How to Build a Wood Shed From Cedar Trees
A wood shed is a handy outbuilding that can be used to store firewood. Many wood sheds are themselves made of wood, since lumber is a common building material. Even though cut lumber is preferable for building, it is possible to create a wood shed out of several fallen cedar trees. Such a shed would resemble an old-fashioned log cabin and requires only a chainsaw and a few hand tools to construct the building.
Cut four trees down using the chainsaw. Once the trees have been felled, use the chainsaw to cut three of the felled trees into logs that are each 5 feet long. Cut the fourth tree into logs that are each 1 1/2 feet long.
Chop off any branches protruding from the logs using the ax. Also use the ax to peel the bark off from each log.
Find a level area on your land and dig a square-shaped trench that is 4 inches deep and 5 feet long on each side of the trench. Place the cinder blocks with the long, narrow sides down into the trench until you fill the trench completely with cinder blocks. Place the level along each row of cinder blocks to ensure that the tops of the cinder blocks are even with each other. Fill any loose parts of the trench with dirt so that only 2 inches of each cinder block protrudes above ground.
Cut two 6-inch-long notches at the end of each 5-foot log using the ax. Each notch must be at least 4 inches deep and must create flat edges at the end of each log. If necessary, you can also use the crosscut saw to remove any excess wood pieces if you are unable to get a reasonably flat surface by using an ax. There should be notches on both the top and bottom sides of each log edge.
Select two 1 1/2-foot logs. Use the ax to cut two 6-inch-long notches at one end of each log. Each notch must be at least 4 inches deep and must be on the top side of the log; these notches will create a flat edge that the other logs will overlap. You may also use the crosscut saw to remove any excess material if you are unable to get a reasonably flat surface by using the ax.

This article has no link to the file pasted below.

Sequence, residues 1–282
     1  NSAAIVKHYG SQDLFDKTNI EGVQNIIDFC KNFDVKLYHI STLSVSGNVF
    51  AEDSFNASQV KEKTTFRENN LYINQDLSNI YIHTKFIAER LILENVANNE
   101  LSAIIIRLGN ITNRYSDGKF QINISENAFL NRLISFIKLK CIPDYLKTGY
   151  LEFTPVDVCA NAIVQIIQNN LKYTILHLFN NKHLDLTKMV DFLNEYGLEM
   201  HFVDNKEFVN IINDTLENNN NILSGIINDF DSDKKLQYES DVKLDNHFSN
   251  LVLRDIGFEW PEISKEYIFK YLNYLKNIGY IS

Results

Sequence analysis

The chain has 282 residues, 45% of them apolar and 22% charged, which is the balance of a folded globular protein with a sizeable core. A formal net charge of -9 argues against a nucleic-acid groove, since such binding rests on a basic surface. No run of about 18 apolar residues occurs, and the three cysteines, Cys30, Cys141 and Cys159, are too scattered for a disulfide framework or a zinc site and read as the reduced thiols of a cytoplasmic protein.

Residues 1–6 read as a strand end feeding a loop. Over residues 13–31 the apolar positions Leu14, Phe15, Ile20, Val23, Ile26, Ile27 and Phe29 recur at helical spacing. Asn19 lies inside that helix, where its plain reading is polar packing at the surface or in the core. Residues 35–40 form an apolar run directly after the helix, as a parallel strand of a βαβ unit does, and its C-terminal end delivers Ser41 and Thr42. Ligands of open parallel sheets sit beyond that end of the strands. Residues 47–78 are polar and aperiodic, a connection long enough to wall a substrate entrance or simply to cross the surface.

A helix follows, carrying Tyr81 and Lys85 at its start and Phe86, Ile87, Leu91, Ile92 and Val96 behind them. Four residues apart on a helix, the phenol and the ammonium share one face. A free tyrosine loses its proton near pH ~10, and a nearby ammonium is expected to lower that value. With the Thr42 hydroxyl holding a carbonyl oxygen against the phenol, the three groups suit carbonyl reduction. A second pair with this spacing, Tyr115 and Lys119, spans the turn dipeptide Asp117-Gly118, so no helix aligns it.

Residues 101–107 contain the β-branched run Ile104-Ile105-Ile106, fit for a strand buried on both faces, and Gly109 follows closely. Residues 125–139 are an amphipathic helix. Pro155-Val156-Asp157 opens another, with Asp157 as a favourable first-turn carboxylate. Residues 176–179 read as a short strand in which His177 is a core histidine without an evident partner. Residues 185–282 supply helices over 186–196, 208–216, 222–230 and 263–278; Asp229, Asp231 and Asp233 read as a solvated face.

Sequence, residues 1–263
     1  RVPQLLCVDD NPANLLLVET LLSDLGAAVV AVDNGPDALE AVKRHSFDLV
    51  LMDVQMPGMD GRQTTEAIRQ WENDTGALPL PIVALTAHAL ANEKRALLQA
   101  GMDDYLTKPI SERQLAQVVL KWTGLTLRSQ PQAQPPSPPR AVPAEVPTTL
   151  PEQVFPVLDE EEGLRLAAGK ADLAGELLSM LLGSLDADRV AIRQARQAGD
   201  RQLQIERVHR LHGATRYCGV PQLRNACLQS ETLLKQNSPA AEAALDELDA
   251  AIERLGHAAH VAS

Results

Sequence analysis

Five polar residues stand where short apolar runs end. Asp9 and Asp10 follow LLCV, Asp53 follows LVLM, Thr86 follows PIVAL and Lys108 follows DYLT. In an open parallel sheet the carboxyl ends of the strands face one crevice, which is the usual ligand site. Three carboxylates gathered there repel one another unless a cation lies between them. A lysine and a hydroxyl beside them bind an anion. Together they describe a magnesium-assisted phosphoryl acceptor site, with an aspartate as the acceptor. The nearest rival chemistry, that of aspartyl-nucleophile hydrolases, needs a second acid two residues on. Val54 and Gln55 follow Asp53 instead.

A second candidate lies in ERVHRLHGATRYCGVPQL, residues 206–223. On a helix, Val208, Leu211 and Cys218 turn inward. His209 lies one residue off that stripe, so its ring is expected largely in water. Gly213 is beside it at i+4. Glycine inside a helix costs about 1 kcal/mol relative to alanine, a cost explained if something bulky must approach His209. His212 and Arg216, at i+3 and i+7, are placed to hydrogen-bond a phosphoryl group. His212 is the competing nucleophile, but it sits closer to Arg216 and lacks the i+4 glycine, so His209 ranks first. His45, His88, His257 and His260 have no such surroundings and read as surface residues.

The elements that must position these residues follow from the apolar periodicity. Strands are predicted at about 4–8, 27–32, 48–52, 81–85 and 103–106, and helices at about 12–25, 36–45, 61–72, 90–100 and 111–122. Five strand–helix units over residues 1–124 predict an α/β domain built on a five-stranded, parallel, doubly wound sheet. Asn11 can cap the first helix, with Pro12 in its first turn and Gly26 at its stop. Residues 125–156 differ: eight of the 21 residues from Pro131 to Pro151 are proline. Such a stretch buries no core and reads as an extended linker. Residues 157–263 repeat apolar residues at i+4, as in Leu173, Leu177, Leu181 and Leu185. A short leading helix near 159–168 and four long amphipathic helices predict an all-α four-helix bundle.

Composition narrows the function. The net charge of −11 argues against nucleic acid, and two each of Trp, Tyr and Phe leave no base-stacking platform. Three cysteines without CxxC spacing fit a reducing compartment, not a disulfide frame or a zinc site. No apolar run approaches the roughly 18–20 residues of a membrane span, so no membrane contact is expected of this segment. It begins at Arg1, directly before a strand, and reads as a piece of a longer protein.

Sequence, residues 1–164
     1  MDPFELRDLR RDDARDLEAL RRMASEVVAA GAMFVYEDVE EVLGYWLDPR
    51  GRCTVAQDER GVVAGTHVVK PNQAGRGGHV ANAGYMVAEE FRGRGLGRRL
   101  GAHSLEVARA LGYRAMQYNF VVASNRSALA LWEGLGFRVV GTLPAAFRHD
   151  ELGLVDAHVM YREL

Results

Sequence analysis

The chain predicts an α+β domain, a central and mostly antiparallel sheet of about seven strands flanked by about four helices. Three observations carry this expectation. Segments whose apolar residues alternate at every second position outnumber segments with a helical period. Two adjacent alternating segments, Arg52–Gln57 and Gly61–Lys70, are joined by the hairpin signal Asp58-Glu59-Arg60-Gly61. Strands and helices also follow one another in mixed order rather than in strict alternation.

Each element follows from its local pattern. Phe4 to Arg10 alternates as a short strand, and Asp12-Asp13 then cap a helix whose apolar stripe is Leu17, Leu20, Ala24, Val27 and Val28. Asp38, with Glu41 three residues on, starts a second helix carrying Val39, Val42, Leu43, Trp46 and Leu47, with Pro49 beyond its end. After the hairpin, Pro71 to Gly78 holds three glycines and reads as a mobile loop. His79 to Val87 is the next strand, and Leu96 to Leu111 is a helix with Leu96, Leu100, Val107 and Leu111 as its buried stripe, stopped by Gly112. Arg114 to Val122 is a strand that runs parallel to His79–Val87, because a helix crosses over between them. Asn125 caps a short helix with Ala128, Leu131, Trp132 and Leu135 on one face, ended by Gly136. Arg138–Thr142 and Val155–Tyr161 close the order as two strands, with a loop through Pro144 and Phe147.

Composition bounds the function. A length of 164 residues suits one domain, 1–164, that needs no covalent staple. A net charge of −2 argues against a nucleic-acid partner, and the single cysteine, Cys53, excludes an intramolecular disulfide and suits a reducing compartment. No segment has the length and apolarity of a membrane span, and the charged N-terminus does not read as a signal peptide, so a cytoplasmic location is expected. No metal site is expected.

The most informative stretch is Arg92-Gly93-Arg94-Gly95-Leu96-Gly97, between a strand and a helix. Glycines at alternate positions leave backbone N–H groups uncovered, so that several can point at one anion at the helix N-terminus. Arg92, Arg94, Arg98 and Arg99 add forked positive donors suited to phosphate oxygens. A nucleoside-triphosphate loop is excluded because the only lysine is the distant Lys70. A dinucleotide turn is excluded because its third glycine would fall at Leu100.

Place the first notched 1 1/2-foot log on the front side of the shed, laying the log on top of the cinder blocks with the notches facing upward. Lay the first notched 5-foot log on the right side of the shed so that the notch from this log overlaps the notch from the first 1 1/2-foot log. The notches from both logs must meet at the right front corner of the shed.
Place the second notched 1 1/2-foot log on the front side of the shed, laying the log on top of the cinder blocks with the notches facing upward. Lay the second notched 5-foot log on the left side of the shed so that the notch from this log overlaps the notch from the 1 1/2-foot log. The notches from both logs must meet at the left front corner of the shed.
Place the third notched 5-foot log on the rear side of the shed so that the bottom notches on this log overlap the top notches on the left-side and right-side logs.
Cut two 6-inch-long notches at the end of each remaining 1 1/2-foot log using the ax. Each notch must be at least 4 inches deep and must create flat edges at the end of each log. There should be notches on both the top and bottom sides of each log edge. Repeat Steps 6 through 8 until the shed is at least 5 feet tall.
Lay a 5-foot notched log across the top front part of the shed. Lay the roofing material flat so that it covers the top left-side log and runs from the top rear log to the top front log. Nail the roofing material to the top front log and the top rear log. Overlap each subsequent piece of roofing material so that the roofing material covers the shed and so that the final piece of roofing material covers the top right-side log. The roofing material will form a slight rearward slope to drain any water from the top of the shed.
David Sandoval has served as a trainer and technical writer since 2000. He has written several articles online in the fields of home improvement, finance, electronics and science. Sandoval has an Associate of Applied Science in microelectronics from Northern New Mexico College.
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